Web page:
Thursday, June 24, 2010

The Invisible Wall by Harry Bernstein

The Invisible Wall is an elaborately detailed memoir of a ninety-something-year-old man's recollections of a WWI era childhood in a small English town just outside of Manchester. It focuses in on one particular street where the poorer sect lived. On one side lived the Christians and on the other, the Jews. Their situations were almost identical yet a void existed between the two sides that was nearly impossible to cross. Both sides feared each other; neither liked things that were different from themselves. But, one love affair (at least temporarily) changed everything. Bernstein's vivid descriptions brings a street you come to know almost as well as your own comes together as one.

Bernstein's narrative begins long before the void-filling love affair actually takes place and relives all the significant events from his childhood memories from how his mother earned money to care for her family to the way his alcoholic father stormed out of the house each night. Bernstein introduces you to all his neighbors - on both sides of the street - and retells events significant in their lives too.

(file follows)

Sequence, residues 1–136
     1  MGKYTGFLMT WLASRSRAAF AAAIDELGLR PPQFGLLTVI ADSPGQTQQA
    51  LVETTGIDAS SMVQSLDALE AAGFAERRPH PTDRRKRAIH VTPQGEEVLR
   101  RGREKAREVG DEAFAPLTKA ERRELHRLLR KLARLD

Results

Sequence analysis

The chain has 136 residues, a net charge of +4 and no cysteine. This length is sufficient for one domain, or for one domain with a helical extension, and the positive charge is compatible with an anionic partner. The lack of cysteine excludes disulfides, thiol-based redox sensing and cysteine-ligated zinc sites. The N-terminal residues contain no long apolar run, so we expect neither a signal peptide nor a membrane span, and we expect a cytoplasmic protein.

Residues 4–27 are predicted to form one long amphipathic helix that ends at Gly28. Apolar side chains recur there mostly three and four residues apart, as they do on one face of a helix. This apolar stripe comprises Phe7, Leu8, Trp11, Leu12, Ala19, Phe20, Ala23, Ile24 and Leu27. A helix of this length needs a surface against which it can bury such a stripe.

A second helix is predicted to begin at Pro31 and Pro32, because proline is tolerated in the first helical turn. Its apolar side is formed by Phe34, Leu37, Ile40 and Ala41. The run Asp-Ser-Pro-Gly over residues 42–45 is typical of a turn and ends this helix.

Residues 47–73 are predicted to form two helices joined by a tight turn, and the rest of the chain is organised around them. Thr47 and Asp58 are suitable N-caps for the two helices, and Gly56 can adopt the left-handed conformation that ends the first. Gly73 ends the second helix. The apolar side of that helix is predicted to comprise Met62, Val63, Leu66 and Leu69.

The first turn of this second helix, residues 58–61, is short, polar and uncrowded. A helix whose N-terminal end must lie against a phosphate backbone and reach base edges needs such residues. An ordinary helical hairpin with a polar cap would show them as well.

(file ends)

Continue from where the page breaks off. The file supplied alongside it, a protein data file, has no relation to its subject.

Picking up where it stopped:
The memoir is so engaging and the story is so accessible that before you know it, you're living young Harry's life right beside him - saddened when he's denied admission to a better school because of his shoes (and his religion,) tearful when he witnesses the death of a war veteran, and heartened when he first becomes an uncle.

Additionally appealing is that this story is real. It's not some fictionalized tale about overcoming prejudices and uniting under the commonality of humanity. This is the childhood of one boy who saw both hate and love emanate from one tiny street, a microcosm of an entire "era" in our history.

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